As the incidents listed below show, this light touch, outlined in the latest safety alert from Marine Safety Forum, MSF, could have been far, far worse. A too-hard thrust astern fortunately led to nothing more serious than a few scratches on paintwork, but the dynamic situation that the chief officer concerned was facing might have deserved a second look eve when other safety procedures have been checked out..
Says the alert from an MSF member: ” We have recently had an incident where one of our vessels made very slight contact with an installation. The vessel was called in to carry out cargo operations.
“All company and client 500 metre checks were completed and they were then given permission to enter the 500 metre zone. The chief officer was going to be driving during this operation, and he carried out the required 10 minute set up period.
“The vessel was sitting well in the conditions so the C/O started to back the vessel into the platform. At the time, the wind was 9 knots and was basically blowing in from the vessels port side. The tide was 1.5 knots and was running in from just off the vessel’s starboard quarter. The tide was affecting the vessel far more than the wind and the C/O was constantly having to go astern as the tide was pushing the vessel off the platform.
One lift was successfully landed but as the second one came down, the C/O nudged the vessel astern so the container could be landed further up the deck. Unfortunately, the C/O gave too much thrust astern. He quickly realised his mistake and tried to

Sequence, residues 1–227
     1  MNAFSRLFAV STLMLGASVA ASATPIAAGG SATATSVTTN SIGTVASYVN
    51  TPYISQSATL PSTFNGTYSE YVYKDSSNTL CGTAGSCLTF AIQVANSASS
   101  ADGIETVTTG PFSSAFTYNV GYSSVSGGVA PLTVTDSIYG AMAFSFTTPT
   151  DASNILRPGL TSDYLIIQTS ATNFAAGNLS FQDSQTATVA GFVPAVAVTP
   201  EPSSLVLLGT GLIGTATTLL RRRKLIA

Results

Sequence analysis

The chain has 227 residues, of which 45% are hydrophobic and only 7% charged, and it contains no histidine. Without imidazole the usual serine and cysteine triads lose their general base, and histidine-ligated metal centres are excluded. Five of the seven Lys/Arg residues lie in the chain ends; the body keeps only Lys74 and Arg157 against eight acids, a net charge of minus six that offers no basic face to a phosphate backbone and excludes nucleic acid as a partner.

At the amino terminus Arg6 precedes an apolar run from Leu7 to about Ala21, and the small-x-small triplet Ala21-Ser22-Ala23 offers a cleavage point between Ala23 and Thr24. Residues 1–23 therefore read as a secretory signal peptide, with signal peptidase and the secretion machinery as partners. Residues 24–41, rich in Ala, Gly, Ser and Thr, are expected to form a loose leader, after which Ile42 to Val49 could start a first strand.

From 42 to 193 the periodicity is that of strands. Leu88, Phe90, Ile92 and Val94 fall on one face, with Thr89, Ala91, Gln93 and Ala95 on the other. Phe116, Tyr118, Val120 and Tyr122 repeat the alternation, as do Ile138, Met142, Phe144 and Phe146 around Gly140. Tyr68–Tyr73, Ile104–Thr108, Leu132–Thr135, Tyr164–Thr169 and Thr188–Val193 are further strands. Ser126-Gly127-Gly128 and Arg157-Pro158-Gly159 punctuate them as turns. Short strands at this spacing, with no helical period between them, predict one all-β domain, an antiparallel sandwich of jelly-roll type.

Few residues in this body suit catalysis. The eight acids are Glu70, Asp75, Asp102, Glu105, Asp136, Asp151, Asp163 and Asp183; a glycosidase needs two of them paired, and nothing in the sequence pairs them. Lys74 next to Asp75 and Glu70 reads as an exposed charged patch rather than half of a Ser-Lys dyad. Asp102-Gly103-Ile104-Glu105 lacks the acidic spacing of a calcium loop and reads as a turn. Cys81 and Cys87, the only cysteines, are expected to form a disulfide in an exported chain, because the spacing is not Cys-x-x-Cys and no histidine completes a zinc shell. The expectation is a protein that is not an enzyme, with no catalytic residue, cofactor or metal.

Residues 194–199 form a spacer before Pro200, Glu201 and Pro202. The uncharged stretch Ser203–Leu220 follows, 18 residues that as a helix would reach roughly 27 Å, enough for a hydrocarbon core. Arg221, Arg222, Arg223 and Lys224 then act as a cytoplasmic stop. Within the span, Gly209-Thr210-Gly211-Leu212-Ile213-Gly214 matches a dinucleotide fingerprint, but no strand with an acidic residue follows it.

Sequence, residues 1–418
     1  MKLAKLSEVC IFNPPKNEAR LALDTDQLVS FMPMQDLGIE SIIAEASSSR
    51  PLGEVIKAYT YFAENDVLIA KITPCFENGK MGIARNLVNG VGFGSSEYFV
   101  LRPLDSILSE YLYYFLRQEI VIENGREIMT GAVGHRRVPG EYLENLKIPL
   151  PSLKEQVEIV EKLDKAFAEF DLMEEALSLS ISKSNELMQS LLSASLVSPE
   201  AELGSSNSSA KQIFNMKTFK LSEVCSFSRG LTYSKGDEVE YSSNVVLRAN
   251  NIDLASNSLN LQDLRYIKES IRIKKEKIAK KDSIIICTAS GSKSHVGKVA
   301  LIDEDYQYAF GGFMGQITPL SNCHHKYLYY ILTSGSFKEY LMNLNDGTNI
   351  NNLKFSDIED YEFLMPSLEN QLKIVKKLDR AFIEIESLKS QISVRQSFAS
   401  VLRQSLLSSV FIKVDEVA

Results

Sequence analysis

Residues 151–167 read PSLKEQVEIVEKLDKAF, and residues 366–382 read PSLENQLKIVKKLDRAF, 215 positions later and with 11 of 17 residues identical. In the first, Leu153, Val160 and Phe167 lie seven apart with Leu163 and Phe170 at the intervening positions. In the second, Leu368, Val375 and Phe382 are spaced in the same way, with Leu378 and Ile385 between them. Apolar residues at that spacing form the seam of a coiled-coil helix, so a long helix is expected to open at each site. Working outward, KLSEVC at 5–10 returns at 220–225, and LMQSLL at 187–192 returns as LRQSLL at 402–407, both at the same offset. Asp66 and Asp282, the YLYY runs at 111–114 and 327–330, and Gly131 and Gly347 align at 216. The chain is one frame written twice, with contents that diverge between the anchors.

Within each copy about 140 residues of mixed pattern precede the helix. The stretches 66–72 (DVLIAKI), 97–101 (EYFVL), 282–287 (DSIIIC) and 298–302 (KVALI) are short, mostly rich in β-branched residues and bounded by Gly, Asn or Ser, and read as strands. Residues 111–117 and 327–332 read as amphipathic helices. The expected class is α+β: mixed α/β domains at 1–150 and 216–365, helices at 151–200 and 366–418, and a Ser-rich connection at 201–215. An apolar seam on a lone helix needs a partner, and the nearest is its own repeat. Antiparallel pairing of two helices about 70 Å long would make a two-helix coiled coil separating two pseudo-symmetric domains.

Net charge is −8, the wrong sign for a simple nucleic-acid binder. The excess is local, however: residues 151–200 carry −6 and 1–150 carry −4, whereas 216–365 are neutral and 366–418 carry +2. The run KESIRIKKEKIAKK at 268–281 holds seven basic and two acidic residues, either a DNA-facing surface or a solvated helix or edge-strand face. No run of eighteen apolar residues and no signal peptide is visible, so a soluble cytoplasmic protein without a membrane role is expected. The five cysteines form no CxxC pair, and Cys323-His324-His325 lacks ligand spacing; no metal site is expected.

compensate for it, but he could not avoid the vessel making very slight contact with the platfrm’s leg.
Only superficial paint damage was caused to the platform and the vessel.
- All Company, Industry and Client procedures were followed.
- The C/O applied too much power when manoeuvring the vessel astern.
- The vessel had to work close to the platforms leg due to available space on the deck.
- Vessel could not work beam on as the tide was too strong and the vessel would have had to use
- more than the 45% power to maintain position.
Action taken by the ompany:
- Please discuss at your next safety meeting
- Masters to ensure that whenever any driving training is needed, it is carried out during times of
slow to moderate tidal strengths and not when the spring tides are running
- Whenever training is being given, then the platform should be notified so they are aware
- All cargo vessels should consider how close they have to get to the platform legs when deciding
on how to set up. It may be easier to have containers moved by the platforms crane or the
vessels tugger winch instead of backing in very close to the installation.
- Do not be afraid to raise any issues that you may have regarding R.O.B (Remaining Onboard)
containers with the Operation department who will investigate the issue with the clients
Do not be afraid to Stop The Job if you have any concerns about the proximity of the vessel to
Other Offshore Contact Incidents: